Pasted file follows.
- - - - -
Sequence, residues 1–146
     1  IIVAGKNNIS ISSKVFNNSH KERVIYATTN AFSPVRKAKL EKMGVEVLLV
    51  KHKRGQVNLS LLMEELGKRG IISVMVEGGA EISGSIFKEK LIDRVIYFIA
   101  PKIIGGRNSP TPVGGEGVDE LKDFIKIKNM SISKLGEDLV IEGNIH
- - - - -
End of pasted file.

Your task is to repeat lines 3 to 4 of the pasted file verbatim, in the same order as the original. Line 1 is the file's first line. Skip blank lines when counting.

    51  KHKRGQVNLS LLMEELGKRG IISVMVEGGA EISGSIFKEK LIDRVIYFIA
   101  PKIIGGRNSP TPVGGEGVDE LKDFIKIKNM SISKLGEDLV IEGNIH